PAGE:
Notes: The stroma is rich in vascular network of dilated congested blood vessels (arrow). Marked inflammatory mononuclear cellular infiltration with an area of hemorrhage (H) is also noticed. H&E: ×200.
Abbreviation: H&E, haematoxilin and eosin stain.

Figure 5 A photomicrograph of untreated pterygium section showing subepithelial connective tissue that is rich in collagen fibers.
Notes: Some areas exhibit hyaloid degeneration (C). Light green: ×400.

Figure 6 A photomicrograph of noninjected pterygium section immunostained with CD31 antibody showing numerous CD31-positive vessels in subepithelial and connective tissue stroma.
Note: Anti-CD31: ×400.

Figure 7 A photomicrograph of treated pterygium section showing the absence of goblet cells in the covering conjunctival epithelium.
Notes: The connective tissue stroma is devoid of the inflammatory infiltration and congested blood vessels. An apparent decrease in the number of fibroblast nuclei (arrow) is noticed. H&E: ×200.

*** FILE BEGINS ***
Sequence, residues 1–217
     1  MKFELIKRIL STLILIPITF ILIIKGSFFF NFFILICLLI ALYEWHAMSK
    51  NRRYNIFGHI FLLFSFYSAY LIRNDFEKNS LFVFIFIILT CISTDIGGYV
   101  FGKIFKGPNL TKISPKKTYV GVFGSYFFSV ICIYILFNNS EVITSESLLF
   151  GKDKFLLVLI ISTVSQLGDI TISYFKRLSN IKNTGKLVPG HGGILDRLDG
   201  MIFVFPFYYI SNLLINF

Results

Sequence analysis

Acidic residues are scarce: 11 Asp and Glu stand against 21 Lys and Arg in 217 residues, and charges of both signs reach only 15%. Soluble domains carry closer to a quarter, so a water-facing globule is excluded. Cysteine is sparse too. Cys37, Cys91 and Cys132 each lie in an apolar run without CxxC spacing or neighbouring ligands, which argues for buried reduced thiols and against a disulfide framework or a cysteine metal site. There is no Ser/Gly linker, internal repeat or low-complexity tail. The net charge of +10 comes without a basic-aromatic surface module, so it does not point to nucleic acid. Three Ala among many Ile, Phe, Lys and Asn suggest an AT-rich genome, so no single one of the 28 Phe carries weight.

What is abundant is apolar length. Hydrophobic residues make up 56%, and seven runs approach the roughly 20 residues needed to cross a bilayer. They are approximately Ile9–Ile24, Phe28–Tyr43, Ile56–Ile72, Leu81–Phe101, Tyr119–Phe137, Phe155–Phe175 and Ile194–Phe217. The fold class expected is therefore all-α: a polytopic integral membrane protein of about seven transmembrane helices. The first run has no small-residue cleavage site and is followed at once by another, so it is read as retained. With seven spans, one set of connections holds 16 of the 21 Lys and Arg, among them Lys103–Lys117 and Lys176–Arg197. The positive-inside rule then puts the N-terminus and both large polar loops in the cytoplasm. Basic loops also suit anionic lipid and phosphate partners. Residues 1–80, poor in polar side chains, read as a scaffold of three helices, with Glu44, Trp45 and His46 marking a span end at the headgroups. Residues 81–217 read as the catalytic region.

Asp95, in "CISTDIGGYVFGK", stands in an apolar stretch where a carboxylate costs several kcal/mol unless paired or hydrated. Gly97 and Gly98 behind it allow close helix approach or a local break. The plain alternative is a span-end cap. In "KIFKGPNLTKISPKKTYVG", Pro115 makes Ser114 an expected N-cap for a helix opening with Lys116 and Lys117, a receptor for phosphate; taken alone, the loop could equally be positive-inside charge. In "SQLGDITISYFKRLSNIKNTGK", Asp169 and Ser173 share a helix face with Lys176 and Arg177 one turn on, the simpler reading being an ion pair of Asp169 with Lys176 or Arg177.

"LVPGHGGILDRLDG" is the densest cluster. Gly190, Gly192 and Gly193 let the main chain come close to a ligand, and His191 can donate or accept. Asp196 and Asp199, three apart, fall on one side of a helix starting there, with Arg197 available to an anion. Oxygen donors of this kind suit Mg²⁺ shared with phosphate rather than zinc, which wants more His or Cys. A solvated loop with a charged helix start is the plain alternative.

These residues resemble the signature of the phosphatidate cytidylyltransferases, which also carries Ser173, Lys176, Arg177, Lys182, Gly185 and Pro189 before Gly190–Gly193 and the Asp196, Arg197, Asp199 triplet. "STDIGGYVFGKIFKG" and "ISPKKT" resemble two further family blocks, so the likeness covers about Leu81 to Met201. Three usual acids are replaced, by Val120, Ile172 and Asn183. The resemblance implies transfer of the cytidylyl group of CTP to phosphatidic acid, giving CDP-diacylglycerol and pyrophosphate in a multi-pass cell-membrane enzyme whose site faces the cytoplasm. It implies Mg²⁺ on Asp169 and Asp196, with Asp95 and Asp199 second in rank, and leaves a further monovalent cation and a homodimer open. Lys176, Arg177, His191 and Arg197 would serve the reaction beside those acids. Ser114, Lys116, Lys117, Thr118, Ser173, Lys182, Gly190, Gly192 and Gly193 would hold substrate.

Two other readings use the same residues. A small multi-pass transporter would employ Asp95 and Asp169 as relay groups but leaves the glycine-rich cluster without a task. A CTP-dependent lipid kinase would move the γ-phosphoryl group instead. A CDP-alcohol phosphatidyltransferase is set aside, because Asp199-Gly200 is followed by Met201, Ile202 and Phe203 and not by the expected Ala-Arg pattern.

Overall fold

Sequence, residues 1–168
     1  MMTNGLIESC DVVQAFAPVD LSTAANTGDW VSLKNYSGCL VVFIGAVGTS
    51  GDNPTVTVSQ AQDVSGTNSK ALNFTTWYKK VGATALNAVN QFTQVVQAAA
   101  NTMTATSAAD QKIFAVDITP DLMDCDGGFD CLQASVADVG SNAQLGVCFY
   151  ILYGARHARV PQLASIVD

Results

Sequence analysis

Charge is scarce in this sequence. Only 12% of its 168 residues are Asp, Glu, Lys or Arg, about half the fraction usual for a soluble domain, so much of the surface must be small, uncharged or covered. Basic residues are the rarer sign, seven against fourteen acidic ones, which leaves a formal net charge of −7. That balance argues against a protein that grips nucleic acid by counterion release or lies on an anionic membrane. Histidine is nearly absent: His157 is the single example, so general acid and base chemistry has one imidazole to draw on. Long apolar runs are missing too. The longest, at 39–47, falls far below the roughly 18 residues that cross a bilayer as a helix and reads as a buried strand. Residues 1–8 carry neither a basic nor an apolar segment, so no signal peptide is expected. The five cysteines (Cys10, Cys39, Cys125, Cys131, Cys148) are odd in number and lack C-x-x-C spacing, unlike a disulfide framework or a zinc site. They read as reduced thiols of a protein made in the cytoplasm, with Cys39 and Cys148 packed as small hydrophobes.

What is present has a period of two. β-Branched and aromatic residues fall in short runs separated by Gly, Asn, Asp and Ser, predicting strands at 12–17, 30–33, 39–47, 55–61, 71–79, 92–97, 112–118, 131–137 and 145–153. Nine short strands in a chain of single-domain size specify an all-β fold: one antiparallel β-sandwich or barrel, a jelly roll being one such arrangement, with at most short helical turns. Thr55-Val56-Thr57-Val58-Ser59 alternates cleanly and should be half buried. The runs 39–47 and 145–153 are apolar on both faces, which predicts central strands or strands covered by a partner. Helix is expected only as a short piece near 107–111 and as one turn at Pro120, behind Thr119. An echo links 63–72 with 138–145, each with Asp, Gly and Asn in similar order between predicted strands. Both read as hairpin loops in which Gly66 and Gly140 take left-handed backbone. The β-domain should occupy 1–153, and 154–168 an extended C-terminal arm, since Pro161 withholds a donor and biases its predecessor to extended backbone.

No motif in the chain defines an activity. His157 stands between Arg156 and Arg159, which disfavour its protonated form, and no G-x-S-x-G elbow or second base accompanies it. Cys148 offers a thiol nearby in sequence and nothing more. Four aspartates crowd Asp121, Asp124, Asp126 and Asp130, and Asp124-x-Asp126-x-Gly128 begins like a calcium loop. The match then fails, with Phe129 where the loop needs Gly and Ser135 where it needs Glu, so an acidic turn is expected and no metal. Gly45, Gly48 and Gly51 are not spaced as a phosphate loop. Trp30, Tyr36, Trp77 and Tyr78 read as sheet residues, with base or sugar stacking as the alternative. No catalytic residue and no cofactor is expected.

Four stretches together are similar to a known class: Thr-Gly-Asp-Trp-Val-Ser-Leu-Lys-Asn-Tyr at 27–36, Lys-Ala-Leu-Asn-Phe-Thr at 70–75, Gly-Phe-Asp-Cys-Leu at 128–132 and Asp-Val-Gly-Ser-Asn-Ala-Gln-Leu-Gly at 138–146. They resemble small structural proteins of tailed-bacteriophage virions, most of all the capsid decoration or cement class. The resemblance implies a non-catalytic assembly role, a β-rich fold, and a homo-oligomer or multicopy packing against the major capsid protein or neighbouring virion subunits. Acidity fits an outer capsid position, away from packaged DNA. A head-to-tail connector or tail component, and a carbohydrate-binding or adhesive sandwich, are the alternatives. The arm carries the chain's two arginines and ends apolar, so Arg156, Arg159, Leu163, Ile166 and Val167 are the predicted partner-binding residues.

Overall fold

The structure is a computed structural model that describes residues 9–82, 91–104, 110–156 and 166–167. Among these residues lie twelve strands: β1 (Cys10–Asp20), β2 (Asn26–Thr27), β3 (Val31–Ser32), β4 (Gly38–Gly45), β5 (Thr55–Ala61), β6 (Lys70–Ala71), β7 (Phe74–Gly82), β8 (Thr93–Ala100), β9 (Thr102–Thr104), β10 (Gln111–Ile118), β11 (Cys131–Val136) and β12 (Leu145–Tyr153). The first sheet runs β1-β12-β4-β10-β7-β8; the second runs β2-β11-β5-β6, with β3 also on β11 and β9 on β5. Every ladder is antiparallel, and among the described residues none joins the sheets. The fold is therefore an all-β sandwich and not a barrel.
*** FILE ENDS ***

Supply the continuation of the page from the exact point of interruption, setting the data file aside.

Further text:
Abbreviation: H&E, haematoxilin and eosin stain.

Figure 8 A photomicrograph of treated pterygium section showing the collagen fibers that are regularly arranged close to each other with no signs of degeneration.
Note: Light green: ×400.

Figure 9 A photomicrograph of injected pterygium-immunostained section showing a small number of subepithelial CD31-positive vessels.
Note: Anti-CD31: ×400.

There was also a significant increase in the mean of area percentage of collagen fibers in the treated pterygia (30.51±0.9) compared to that in the untreated group (16.07±1.2), as well as a significant decrease in microvessel density in the injected pterygia (10.57±1.4) compared to that in the noninjected ones (21.83±1.8) (P≤0.05) (Figure 10).

Figure 10 The mean of area percentage of collagen fibers and microvessel density of CD31 of the two groups.